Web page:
Scientists from Stanford University and the SLAC National Accelerator Laboratory have developed a system of “designer electrons,” an advance that could result in the production of new devices and materials.
Researchers used a scanning tunneling microscope to create a graphene structure — a one-atom-thick honeycomb lattice of carbon atoms — which was manually adjusted to mimic the positions that atoms would warp to if under the strain of magnetic fields 30 percent stronger than what exists on Earth.
Having been repositioned, electrons subsequently behaved as if they were under the effect of a magnetic field — even while none was present.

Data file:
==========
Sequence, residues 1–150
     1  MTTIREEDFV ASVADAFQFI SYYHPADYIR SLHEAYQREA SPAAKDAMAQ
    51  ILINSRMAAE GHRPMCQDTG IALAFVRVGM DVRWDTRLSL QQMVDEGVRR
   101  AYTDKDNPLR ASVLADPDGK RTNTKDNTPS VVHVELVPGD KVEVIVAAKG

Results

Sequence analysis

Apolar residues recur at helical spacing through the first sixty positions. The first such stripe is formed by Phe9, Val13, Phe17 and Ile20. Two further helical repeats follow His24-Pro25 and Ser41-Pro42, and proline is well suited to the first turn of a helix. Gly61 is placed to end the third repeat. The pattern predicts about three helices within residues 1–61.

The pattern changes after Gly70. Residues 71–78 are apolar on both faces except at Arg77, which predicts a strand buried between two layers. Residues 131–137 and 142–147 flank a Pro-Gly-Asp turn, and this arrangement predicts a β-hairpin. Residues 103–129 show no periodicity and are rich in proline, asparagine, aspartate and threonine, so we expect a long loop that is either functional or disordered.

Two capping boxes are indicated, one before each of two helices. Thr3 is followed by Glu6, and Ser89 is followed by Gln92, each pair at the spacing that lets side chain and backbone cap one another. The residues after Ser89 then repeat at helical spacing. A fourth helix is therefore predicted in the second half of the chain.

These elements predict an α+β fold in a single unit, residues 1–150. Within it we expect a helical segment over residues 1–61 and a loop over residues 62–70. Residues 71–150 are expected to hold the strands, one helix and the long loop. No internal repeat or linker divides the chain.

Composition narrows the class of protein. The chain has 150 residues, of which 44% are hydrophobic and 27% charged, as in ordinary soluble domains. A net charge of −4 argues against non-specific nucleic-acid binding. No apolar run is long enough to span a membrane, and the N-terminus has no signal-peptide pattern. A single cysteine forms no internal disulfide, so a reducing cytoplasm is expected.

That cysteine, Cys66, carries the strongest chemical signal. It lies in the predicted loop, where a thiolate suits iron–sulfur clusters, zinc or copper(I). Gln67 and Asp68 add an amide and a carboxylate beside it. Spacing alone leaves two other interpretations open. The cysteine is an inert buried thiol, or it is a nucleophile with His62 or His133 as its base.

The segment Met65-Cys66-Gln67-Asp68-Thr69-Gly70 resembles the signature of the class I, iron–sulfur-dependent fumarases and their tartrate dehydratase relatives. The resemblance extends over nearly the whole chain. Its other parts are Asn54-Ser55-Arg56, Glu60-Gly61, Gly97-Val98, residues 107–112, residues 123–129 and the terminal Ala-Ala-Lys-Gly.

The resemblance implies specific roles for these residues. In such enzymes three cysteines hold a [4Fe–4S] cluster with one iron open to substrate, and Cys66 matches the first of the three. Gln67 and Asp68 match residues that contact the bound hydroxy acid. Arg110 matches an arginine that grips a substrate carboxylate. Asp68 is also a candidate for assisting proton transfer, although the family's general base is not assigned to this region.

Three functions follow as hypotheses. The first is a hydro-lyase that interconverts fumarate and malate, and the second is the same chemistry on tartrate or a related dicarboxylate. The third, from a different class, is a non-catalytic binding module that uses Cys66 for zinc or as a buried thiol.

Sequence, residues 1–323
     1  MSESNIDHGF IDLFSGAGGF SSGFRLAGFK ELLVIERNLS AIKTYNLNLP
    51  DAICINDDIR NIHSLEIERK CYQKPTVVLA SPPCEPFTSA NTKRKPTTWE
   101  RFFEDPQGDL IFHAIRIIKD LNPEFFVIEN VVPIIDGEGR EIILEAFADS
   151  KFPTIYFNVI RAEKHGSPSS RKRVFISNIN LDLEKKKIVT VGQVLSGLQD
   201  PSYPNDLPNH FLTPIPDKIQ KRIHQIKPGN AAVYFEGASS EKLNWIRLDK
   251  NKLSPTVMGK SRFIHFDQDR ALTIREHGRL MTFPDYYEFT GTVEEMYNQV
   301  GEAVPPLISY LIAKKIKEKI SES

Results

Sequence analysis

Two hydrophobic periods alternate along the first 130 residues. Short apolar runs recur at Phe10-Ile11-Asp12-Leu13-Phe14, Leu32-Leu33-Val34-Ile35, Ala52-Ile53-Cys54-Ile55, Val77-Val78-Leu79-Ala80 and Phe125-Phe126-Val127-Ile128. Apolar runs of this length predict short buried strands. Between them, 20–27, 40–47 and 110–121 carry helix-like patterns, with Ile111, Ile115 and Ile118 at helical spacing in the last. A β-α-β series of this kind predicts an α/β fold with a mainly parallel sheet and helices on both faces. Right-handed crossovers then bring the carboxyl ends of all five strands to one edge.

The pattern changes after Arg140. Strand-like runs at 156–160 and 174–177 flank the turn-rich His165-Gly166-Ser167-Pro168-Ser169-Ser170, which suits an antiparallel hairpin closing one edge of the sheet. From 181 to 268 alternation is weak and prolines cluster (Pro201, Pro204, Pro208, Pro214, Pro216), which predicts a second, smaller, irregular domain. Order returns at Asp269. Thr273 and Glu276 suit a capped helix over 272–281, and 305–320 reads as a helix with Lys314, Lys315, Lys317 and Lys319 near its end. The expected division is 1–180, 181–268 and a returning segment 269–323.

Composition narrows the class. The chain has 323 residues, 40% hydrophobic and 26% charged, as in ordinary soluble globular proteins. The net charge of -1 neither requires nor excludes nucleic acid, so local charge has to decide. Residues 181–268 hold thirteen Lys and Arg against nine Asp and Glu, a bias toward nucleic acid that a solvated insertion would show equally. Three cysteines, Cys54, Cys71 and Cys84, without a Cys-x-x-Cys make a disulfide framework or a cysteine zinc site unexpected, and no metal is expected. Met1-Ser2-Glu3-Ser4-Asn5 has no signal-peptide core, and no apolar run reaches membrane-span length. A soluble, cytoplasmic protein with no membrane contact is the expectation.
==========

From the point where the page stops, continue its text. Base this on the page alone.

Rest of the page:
Researchers said that the outcome provides evidence of potentially enormous benefits for physics testing, in addition to establishing a framework for building new molecules with customized electronic properties.
“The behavior of electrons in materials is at the heart of essentially all of today’s technologies,” said Hari Manoharan M.S. ‘92, an associate professor of physics and the research team’s leader, to Gizmodo. “We’re now able to tune the fundamental properties of electrons so they behave in ways rarely seen in ordinary materials.”
– Marshall Watkins